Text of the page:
(This is the sixth in a series of seven articles to help you understand what you do know, don’t know and should know about estate planning.)
What is a power of attorney and why do you need one or more? The answer is actually fairly simple. A power of attorney is a document that is created while you are well that allows other people to make decisions for you if there ever comes a time when you are unwell and cannot make your own decisions. It is so important because you can lose the right to decide who will make decisions for you if something bad happens and you haven’t put your wishes in writing beforehand. That’s a big deal for everyone, whether you are married, in a domestic partnership, or single.
If you become incapacitated, state law will determine who in your family has the power to make medical decisions for you, even if you are estranged from them. Of course, even without a medical power of attorney, your spouse will be able to make medical decisions for you. But what if your spouse can’t for some reason? A good medical power of attorney will grant the same rights to other trusted people if your spouse cannot take care of you – and those people do not have to be relatives. Perhaps your best friend is a nurse or doctor or works at NIH. A person like that would make a great choice as a healthcare agent, if he or she is willing. (You do need to ask first!) Naming your own decision-maker can give you peace of mind that your wishes will be respected versus the unknown consequences of that role going to a faraway family member who doesn’t approve of your “lifestyle.”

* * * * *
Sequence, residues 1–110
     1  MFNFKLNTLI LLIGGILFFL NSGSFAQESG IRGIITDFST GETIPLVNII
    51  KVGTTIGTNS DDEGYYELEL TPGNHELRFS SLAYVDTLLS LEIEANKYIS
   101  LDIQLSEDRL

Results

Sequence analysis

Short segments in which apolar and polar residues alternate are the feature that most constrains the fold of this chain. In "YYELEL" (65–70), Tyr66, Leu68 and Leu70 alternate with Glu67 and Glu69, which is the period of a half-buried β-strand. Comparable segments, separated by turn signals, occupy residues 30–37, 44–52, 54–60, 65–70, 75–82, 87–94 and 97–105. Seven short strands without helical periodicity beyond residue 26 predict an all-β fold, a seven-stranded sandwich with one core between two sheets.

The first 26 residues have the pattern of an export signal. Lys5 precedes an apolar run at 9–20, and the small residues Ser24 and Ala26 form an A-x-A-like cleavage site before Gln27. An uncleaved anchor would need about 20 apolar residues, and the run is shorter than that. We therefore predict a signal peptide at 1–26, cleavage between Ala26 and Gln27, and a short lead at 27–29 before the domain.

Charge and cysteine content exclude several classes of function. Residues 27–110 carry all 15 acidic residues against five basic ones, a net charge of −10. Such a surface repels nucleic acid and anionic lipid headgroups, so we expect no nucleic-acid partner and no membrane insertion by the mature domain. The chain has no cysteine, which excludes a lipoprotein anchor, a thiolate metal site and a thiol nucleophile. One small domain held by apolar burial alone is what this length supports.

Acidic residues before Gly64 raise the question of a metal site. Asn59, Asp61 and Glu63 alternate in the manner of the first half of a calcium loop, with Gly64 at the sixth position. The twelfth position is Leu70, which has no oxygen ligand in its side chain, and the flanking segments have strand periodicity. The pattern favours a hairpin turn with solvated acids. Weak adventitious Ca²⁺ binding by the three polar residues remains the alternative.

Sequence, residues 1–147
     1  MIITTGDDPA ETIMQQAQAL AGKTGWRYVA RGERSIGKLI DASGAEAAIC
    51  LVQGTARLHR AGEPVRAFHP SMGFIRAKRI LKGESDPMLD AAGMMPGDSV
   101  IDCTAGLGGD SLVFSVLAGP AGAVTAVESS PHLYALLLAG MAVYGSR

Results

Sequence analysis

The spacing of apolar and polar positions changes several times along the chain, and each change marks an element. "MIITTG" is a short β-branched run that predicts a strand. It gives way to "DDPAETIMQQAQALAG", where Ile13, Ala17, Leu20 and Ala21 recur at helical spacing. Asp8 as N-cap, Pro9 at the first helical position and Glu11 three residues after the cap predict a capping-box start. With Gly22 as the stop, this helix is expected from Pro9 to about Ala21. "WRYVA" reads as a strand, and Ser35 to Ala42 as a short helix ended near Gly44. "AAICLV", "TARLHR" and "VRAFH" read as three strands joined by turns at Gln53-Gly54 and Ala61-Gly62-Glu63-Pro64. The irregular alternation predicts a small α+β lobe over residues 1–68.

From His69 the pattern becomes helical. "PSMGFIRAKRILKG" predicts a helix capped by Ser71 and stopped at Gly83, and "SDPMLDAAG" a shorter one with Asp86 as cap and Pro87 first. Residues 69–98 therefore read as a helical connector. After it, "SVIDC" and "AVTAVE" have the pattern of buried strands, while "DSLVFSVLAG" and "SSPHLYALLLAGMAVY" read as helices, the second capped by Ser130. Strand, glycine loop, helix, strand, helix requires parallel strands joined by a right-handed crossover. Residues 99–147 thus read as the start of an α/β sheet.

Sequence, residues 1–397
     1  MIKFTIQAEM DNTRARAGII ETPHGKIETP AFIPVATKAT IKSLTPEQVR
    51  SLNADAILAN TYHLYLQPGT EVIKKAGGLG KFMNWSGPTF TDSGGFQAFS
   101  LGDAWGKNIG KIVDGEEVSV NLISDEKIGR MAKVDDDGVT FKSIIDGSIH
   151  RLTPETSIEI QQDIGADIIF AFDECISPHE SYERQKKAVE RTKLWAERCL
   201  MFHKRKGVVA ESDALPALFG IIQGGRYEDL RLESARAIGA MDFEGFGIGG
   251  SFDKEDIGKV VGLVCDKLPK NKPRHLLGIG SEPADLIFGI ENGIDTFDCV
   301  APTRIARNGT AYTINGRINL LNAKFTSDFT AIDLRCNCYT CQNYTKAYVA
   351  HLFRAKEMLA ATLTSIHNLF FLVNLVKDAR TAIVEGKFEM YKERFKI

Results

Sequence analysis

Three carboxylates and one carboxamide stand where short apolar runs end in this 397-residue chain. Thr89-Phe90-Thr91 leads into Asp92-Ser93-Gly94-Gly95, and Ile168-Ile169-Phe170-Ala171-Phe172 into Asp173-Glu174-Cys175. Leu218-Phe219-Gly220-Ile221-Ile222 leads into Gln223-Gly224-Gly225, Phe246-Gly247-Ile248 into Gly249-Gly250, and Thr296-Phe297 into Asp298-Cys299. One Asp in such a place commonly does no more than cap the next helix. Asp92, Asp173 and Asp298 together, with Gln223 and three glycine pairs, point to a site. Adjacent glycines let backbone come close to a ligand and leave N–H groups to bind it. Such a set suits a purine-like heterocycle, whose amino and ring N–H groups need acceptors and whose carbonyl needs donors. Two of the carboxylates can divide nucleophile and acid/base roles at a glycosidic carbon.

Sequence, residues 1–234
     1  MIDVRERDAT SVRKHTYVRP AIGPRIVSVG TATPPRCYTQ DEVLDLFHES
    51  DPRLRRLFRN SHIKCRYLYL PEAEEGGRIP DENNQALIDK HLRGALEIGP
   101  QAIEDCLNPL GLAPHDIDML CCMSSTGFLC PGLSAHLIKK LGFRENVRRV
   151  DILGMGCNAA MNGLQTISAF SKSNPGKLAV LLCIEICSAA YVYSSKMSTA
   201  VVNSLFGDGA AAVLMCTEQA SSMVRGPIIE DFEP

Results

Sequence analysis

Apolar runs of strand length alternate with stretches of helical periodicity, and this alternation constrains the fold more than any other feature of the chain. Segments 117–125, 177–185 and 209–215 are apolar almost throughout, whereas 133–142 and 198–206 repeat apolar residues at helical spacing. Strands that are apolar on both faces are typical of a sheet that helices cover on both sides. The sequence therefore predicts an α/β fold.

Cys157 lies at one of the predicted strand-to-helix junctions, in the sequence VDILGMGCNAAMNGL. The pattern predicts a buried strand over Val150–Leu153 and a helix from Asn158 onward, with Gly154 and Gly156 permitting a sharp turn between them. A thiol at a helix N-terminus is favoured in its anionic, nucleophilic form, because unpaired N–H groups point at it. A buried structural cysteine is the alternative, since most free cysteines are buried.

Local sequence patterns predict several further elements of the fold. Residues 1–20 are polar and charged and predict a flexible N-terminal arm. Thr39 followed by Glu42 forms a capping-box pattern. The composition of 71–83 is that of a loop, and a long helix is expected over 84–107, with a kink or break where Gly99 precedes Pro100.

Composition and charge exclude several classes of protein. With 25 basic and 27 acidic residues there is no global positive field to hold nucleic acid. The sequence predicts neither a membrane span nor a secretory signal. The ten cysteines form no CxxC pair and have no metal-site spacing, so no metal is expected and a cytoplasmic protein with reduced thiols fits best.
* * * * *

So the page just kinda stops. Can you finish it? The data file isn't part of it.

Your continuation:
Yet, the lack of a medical power of attorney is not what causes the biggest problem for most folks. If you become incapacitated, there will be hundreds of other decisions to be made that have nothing to do with medical care. Who will pay the bills, manage your money, take care of your home, and look after your spouse or partner? That’s where a financial power of attorney comes in. This document grants important, broad rights to people that you trust to manage all of your assets when you cannot. That’s incredibly important because no one gets the right to access your personal assets automatically, even a spouse. If you have a joint checking account, your spouse is still going to be able to write a check even if you’re incapacitated, but that’s the extent of it. What if there’s a need to withdraw money from your retirement account to pay the mortgage? Too bad, because without a power of attorney, even your spouse will be out of luck. Need to sell a house that’s no longer suitable? Same answer.
The messy workaround for not having a financial power of attorney is that someone has to go into court and file a guardianship petition just to get the powers that you could have given in a simple document. That’s a very expensive alternative in most states and one that should be totally unnecessary. Worse yet, the person filing the petition might not be the same person that you would have chosen had you signed a financial power of attorney. These problems are so easily avoided that the real mystery is how come everybody doesn’t have these documents?
(This column is not intended to provide legal advice, but only general guidance that may or may not be applicable to your specific situation.)
Larry Jacobs has helped hundreds of same-sex couples and LGBT singles in the Washington area protect their assets and loved ones through partnership planning. He is a partner at McMillan Metro, P.C. and has practiced law for 41 years. Learn more about his practice at PartnerPlanning.com.